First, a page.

people
people

Christian Siriano's Old-School Passion

On the hunt for sources of inspiration, the designer often turns to antique shops to find the quirky and the beautiful.

people/news
View Slideshow

Even though he’s a young designer, Christian Siriano appreciates old-fashioned style.

When looking for creative inspiration — or a simple weekend getaway — 25-year-old Siriano frequently finds pleasure in scouring antique shops. Recently, the designer took Footwear News along as he searched for inspiration at Olde Good Things, a personal favorite in his Chelsea neighborhood in New York.

“I love that you never know what you’re going to find,” said Siriano. “You see the same thing over and over again [in other types of stores], so it’s nice to see something different.”

Siriano, best known for winning the fourth season of “Project Runway” in 2008, is keeping busy with upcoming projects including the expansion of his Payless line. And he said many styles are inspired by his shopping trips.

For example, Siriano’s Rocaille shoe from his fall ’10 Payless runway collection was influenced by antique furniture, with a signature heel that resembles a claw foot. And the peep-toe platform Cabriole, also from the fall ’10 runway line, featured a “gold filigree heel treatment.”

At Olde Good Things, Siriano browsed the selection of collectibles — ranging from doorknobs and antlers to lamps and chairs — and eventually stopped in front of several mirrors in a variety of patterns.

“I like to get inspired by anything, [even] if it’s something random,” he said. “These square mirrors are gorgeous and it’s a great print, so I would [create something similar] in a satin organza.”

Siriano first discovered the antique collecting scene two years ago while visiting friend and actress Kristen Johnston in Salisbury, Conn. Johnston suggested they browse the local stores, and the passion for vintage began.

Now Siriano often finds time on the weekends to shop with his boyfriend and has transformed his apartment into “a bit of an 18th-century French feel.” Among his favorite pieces are gold linen chairs that he bought in San Francisco.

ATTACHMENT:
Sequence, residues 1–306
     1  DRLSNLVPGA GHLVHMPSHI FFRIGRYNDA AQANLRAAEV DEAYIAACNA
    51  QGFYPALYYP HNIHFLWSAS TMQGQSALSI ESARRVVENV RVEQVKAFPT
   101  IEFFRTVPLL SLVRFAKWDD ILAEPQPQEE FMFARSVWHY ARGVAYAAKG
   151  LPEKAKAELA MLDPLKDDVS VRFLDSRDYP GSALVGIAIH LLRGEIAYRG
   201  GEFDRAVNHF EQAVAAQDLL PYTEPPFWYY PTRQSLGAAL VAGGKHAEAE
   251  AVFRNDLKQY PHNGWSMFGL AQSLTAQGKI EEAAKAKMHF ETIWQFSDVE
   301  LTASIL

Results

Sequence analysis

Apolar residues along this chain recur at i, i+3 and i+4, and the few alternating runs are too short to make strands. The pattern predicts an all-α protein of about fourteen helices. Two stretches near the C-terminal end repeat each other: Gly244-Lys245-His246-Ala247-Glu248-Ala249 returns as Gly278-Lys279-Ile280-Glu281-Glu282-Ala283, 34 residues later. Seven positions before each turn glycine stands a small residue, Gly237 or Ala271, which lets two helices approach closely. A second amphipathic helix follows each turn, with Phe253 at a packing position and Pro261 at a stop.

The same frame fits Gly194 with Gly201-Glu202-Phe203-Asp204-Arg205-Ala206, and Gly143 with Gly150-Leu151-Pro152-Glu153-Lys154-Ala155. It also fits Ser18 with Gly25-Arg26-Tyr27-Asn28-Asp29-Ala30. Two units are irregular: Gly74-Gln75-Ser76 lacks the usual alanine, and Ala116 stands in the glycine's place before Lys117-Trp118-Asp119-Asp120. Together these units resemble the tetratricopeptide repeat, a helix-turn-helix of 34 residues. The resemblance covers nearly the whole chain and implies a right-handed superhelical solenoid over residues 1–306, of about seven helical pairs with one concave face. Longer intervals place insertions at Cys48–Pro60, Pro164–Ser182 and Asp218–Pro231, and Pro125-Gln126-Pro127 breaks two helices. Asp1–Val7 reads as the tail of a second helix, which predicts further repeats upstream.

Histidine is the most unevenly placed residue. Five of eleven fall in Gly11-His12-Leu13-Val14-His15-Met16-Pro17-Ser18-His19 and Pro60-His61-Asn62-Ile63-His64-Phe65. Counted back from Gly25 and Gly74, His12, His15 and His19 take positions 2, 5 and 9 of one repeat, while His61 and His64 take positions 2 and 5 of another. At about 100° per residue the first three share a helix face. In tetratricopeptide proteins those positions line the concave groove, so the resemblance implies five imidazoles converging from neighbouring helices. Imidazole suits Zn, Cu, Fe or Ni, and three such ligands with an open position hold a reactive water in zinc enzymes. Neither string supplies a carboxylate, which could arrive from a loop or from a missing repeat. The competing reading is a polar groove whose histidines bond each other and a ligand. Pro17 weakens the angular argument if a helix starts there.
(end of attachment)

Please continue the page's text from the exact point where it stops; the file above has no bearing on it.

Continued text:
Siriano now visits antique stores across the country, and one of his top shopping spots is Pom Pom in Los Angeles. “It has a mixture of reproductions and antique furniture, accessories and a ton of inspiration,” he said.

On a recent search, Siriano said he was fascinated by vintage tortoise sunglasses, which sparked an idea for footwear. “I love tortoise for heels, paired with different moldings. It could be cool,” he said.

That inspiration will come in handy as Siriano continues to expand his collection with Payless. Plans are in the works to roll out the line to almost 2,400 doors later this year, up from a few hundred now. His fall and holiday product will hit stores in September, and he is now working on the spring ’12 line.

The designer also is entertaining the idea of launching a higher-priced shoe line under his own label. He has already tested select styles on the runway and shown in Paris. Siriano said that he would initially target a few stores, and if the response is strong would plan for a major launch.

Also in the works is his first branded store, which Siriano said ideally would open in New York’s Soho area within the next year. “We’ll have everything — shoes and accessories,” he said. “It’s still early, but it’s definitely in the mix.”

And because Siriano is always plotting his next move, he’ll be on his way to upstate New York at the end of the month for more inspirational shopping.

View Slideshow
load comments

ADD A COMMENT

Sign in using your Facebook or Twitter account, or simply type your comment below as a guest by entering your email and name. Your email address will not be shared. Please note that WWD reserves the right to remove profane, distasteful or otherwise inappropriate language.
News from WWD
Newsletters

Sign upSign up for WWD and FN newsletters to receive daily headlines, breaking news alerts and weekly industry wrap-ups.

LatestPublications
getIsArchiveOnly= hasAccess=false hasArchiveAccess=false